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September 10, 2008

NAC makes for strange bedfellows

A couple of articles today forced me into an Aha! moment on NAC.  I think you can tell when a technology begins to mature when you see announcements about how the products are working with 3rd party products.  On the other hand I think it also shows what the strengths and weakness of individual vendors are as well.

Two cases in point

1. Bradford announces that it plays well with Top Layer - This press release details how Top Layer IPS can alert Bradford's NAC product to devices on the edge sending out bad traffic.  At that point presumably Bradford would be able to quarantine the offending device.  According to the spin this results in "core to edge" protection

Well this is certainly not new.  Bradford has advertised working with 3rd party IPS's for sometime.  Bradford is not alone in this either.  There are several NAC vendors including StillSecure that can do this.  But is integrating with existing IDS/IPS a post-connect NAC solution?  I don't think so. I don't think it is truly a holistic approach.  All you are doing is sending out a syslog alert and based upon that quarantining a device.  No context, no depth, you are piling on separate solution on top of another separate solution.  While as I have said this integration is not new, we have been working for a long time to take our own IDS/IPS technology and use that as a the basis of a true post-connect NAC sensor.  Integrating the products into a common UI, with common policies, rule sets and management is where the value is.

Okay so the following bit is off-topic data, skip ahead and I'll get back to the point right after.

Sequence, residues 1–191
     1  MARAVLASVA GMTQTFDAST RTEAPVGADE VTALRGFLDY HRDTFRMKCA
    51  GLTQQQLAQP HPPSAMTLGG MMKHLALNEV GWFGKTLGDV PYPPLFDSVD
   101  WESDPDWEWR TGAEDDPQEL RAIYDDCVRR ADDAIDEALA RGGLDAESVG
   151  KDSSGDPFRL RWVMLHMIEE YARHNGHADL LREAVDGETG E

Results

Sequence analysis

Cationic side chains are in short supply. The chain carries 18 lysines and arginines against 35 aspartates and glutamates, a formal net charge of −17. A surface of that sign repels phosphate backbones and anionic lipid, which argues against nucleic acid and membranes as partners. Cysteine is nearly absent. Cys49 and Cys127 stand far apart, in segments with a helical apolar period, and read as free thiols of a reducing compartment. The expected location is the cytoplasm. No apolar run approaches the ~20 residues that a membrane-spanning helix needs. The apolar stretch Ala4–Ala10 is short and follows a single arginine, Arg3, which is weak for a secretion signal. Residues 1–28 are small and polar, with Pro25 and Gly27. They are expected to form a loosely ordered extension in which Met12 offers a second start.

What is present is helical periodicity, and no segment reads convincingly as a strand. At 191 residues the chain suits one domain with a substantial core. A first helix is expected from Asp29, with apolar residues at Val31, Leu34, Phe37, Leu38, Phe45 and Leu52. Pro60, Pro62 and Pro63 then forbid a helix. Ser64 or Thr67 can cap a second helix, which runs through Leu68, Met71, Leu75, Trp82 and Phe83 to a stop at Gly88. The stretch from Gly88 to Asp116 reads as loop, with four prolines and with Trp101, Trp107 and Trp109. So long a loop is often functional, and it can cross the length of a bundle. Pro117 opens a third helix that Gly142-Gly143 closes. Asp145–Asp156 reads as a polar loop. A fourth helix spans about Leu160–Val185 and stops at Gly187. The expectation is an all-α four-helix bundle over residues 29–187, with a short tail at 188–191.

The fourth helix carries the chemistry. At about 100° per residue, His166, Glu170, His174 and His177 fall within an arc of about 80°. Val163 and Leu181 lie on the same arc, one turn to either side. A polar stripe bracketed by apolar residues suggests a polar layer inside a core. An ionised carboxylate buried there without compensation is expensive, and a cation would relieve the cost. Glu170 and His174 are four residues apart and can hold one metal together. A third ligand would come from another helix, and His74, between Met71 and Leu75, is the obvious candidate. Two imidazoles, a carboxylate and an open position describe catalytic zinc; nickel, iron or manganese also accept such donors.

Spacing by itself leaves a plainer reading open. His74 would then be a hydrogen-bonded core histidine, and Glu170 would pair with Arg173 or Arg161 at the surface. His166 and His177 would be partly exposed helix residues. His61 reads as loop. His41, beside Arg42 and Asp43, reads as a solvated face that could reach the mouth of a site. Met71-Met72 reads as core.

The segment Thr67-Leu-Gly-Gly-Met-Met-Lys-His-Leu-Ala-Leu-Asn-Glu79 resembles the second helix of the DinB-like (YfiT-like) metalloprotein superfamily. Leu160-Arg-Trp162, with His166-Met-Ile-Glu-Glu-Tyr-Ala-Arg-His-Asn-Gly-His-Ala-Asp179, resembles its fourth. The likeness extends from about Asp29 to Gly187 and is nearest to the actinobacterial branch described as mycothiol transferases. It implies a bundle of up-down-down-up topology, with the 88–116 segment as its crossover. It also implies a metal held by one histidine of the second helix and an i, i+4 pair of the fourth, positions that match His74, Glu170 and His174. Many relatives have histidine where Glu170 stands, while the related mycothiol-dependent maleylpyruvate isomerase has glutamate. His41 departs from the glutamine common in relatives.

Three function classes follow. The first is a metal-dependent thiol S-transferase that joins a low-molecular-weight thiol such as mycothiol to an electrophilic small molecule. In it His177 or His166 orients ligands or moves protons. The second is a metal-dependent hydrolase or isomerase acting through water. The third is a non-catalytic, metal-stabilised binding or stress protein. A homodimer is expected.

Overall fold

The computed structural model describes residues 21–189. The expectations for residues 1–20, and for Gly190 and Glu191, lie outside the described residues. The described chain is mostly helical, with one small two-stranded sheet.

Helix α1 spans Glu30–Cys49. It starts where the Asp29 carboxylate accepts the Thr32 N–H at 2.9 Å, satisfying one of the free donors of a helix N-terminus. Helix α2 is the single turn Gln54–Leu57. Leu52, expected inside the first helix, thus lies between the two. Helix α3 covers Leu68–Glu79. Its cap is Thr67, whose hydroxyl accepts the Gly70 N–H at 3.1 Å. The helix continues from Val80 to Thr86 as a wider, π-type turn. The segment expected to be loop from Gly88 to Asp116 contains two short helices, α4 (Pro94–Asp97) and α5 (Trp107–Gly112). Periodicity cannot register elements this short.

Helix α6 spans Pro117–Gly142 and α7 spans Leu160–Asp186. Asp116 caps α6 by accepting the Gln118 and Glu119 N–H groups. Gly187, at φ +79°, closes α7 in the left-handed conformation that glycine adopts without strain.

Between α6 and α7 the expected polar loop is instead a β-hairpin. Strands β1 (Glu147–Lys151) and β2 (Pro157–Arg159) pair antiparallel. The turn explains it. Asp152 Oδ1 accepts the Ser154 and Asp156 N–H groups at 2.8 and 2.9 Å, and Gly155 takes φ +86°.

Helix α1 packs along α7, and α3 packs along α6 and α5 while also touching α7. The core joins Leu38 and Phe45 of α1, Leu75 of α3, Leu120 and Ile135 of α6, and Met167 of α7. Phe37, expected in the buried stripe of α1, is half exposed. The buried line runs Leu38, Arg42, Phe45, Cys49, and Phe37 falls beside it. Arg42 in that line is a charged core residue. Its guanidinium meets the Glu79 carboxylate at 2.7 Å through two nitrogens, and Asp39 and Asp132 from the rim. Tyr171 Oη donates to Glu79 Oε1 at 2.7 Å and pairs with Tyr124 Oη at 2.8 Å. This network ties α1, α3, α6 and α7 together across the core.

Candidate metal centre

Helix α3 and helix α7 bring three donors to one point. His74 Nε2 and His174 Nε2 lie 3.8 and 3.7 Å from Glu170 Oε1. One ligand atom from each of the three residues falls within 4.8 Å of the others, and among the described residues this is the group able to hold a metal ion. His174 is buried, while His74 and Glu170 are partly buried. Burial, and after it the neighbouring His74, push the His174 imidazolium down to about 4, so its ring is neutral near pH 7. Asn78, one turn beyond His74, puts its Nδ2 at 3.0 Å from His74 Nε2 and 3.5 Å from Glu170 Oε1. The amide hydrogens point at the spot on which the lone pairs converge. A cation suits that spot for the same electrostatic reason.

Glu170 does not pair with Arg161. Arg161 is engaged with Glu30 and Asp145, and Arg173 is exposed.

A vendor who only has a NAC product that can do pre-connect health checks (which are valuable in and of themselves) but can than only "integrate" by passing data back and forth is going to have a tough time in the maturing NAC space.

2. InfoExpress teams with Alcatel-Lucent - In this story, InfoExpress talk about how they teamed up to deliver to Iona College a secure wireless solution.  Good for InfoExpress, they are often left out of the NAC market discussion, though they have been selling NAC as long as anyone.  What I found surprising is what does this say about Alcatel-Lucent's OEM of ConSentry gear for NAC.  Does this mean Alcatel-Lucent is no longer selling the Consentry NAC solution? What is going on with ConSentry anyway?

One thing for sure is that NAC makes for strange bedfellows.


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